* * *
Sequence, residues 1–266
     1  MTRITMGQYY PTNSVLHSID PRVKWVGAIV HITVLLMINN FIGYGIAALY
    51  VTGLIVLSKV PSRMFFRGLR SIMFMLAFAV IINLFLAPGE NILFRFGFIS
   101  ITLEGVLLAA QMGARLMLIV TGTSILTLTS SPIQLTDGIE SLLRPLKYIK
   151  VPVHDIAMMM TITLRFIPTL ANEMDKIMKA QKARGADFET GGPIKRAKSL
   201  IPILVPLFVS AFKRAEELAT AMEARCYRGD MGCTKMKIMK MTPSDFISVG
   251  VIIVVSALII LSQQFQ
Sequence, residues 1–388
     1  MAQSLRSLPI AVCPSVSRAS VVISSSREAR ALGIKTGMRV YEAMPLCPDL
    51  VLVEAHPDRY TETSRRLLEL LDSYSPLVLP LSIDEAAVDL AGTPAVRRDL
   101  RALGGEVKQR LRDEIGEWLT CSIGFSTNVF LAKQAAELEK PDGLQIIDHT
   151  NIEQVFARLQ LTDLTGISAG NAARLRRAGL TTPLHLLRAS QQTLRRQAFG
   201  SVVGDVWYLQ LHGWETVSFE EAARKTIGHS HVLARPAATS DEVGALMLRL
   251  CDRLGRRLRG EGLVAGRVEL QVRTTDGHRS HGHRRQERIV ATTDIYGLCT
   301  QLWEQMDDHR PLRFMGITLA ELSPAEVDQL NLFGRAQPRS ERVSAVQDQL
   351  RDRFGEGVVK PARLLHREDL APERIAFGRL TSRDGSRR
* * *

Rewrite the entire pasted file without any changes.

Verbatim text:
Sequence, residues 1–266
     1  MTRITMGQYY PTNSVLHSID PRVKWVGAIV HITVLLMINN FIGYGIAALY
    51  VTGLIVLSKV PSRMFFRGLR SIMFMLAFAV IINLFLAPGE NILFRFGFIS
   101  ITLEGVLLAA QMGARLMLIV TGTSILTLTS SPIQLTDGIE SLLRPLKYIK
   151  VPVHDIAMMM TITLRFIPTL ANEMDKIMKA QKARGADFET GGPIKRAKSL
   201  IPILVPLFVS AFKRAEELAT AMEARCYRGD MGCTKMKIMK MTPSDFISVG
   251  VIIVVSALII LSQQFQ
Sequence, residues 1–388
     1  MAQSLRSLPI AVCPSVSRAS VVISSSREAR ALGIKTGMRV YEAMPLCPDL
    51  VLVEAHPDRY TETSRRLLEL LDSYSPLVLP LSIDEAAVDL AGTPAVRRDL
   101  RALGGEVKQR LRDEIGEWLT CSIGFSTNVF LAKQAAELEK PDGLQIIDHT
   151  NIEQVFARLQ LTDLTGISAG NAARLRRAGL TTPLHLLRAS QQTLRRQAFG
   201  SVVGDVWYLQ LHGWETVSFE EAARKTIGHS HVLARPAATS DEVGALMLRL
   251  CDRLGRRLRG EGLVAGRVEL QVRTTDGHRS HGHRRQERIV ATTDIYGLCT
   301  QLWEQMDDHR PLRFMGITLA ELSPAEVDQL NLFGRAQPRS ERVSAVQDQL
   351  RDRFGEGVVK PARLLHREDL APERIAFGRL TSRDGSRR